BP is hitting its targets and keeping shareholders happy with dividends and share buybacks.
- Profit down 0.4% to $2.81 billion versus Q2 2018
- Production increased by 0.7%
- Net debt up 20% to £46.5 billion
- Dividend unchanged at 10.25 cents per share
Chief executive Bob Dudley said:
"At the midpoint of our five-year plan, BP is right on target. Reliable performance and disciplined growth across our businesses are delivering strong earnings, cash flow and returns to shareholders. And this is also allowing us to grow businesses that can make a significant contribution in the energy transition, helping deliver the energy the world needs with lower carbon."
Oil giant BP (LSE:BP) operates in over 75 countries. Generating nearly $300 billion of sales in 2018, it employs over 70,000 people and produces 3.7 million barrels of oil equivalent per day. Around 1.7 million barrels of oil pass through its refineries daily and it operates over 18,500 retail sites globally.
For a round-up of these second-quarter results, please click here.
Nine years after the Gulf of Mexico oil disaster, BP continues to navigate a multitude of difficulties and opportunities. Payments for the 2010 spillage are still being made, while the previous acquisition of assets from miner BHP Group (LSE:BHP) has increased group debt.
Factors outside of management's control such as the oil price and geopolitical tensions can also influence performance. Management's financial assumptions based on an oil price of $55 per barrel currently work in its favour.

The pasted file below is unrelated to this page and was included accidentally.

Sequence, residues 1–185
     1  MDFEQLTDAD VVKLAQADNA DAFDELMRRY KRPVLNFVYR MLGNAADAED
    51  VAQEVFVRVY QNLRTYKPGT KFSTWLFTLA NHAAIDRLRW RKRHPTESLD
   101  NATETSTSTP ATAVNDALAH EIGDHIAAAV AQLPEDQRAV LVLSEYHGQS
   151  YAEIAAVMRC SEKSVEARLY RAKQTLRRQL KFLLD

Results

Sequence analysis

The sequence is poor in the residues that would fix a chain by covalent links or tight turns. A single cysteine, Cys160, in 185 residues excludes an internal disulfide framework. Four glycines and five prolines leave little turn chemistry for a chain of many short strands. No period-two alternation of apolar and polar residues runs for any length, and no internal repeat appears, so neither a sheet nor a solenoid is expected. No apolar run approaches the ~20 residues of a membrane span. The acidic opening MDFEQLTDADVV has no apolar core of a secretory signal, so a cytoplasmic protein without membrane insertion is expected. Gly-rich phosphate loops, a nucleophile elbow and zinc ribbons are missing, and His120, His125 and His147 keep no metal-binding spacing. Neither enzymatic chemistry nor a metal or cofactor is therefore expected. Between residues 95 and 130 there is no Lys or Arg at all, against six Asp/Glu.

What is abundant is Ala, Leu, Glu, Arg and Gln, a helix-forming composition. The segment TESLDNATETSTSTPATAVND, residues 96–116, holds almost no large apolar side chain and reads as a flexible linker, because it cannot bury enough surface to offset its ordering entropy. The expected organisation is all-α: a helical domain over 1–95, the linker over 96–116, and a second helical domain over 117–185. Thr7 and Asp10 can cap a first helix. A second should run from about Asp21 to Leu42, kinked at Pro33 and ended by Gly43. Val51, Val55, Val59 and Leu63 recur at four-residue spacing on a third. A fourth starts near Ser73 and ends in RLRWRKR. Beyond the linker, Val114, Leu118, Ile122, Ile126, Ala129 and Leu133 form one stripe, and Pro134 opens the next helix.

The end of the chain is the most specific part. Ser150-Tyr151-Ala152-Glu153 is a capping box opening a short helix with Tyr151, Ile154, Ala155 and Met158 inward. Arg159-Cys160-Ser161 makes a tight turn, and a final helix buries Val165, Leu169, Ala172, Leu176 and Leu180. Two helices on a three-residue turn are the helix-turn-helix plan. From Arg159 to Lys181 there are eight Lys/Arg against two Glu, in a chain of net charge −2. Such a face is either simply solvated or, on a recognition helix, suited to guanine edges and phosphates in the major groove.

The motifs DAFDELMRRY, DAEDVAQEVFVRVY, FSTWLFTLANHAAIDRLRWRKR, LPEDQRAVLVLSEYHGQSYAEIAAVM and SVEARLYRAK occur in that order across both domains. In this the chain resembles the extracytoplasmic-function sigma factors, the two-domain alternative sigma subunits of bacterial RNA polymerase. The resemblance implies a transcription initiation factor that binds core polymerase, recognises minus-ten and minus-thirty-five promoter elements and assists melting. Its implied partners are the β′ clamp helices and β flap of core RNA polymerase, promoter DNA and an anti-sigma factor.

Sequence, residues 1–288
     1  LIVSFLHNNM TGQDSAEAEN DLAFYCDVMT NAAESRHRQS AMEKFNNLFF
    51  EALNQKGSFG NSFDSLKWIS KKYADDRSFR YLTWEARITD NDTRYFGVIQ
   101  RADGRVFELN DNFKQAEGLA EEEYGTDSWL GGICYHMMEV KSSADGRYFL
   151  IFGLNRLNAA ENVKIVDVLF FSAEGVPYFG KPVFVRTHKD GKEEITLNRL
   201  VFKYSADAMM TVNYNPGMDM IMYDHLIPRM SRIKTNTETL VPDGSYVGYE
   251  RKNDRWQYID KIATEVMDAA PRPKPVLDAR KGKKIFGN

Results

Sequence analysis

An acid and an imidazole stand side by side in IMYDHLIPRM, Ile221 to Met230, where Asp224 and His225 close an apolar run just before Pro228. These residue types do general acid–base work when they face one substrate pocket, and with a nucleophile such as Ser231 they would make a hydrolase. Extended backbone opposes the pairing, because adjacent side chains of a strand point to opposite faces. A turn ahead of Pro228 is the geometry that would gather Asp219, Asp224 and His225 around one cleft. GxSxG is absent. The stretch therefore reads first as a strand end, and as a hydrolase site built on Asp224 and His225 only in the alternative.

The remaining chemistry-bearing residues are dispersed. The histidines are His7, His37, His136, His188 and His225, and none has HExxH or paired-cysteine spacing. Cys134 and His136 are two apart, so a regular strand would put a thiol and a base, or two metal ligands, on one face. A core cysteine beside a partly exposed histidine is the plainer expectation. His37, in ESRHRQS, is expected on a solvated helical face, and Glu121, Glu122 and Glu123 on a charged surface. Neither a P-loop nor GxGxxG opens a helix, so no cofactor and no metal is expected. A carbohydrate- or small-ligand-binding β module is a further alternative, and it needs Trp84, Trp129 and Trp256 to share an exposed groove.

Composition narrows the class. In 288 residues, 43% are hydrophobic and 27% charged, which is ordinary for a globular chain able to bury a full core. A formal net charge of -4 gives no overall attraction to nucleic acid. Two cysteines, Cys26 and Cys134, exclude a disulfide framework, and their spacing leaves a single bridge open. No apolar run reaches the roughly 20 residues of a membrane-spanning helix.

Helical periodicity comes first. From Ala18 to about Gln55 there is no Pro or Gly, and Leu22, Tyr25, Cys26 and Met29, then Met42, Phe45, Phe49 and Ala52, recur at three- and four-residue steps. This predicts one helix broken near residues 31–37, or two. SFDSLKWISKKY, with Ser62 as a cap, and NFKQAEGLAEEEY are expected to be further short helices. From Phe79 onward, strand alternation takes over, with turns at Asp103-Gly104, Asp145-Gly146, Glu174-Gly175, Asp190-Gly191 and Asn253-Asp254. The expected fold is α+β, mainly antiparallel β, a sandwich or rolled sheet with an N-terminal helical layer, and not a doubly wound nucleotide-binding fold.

For investors, shareholder returns remain high on the agenda. Cashflow, bolstered by an ongoing business divestment programme, underpin both the dividend and share buybacks. BP bought back 11 million shares in the second quarter alone. An unchanged dividend leaves the historic and forward dividend yield at over 5.5%. In all, we believe BP continues to justify its place within a balanced and diversified portfolio.
- Generating attractive shareholder returns
- Plans to reduce debt
- Expects to sell over $10 billion of assets by end of 2020
- Growing its low carbon businesses
- Debt swollen by acquisition of BHP Group (LSE:BHP) assets
- Gulf of Mexico oil spill still costing money
- Subject to factors outside its control
- Anti-fossil fuel sentiment among public and investors
The average rating of stock market analysts:
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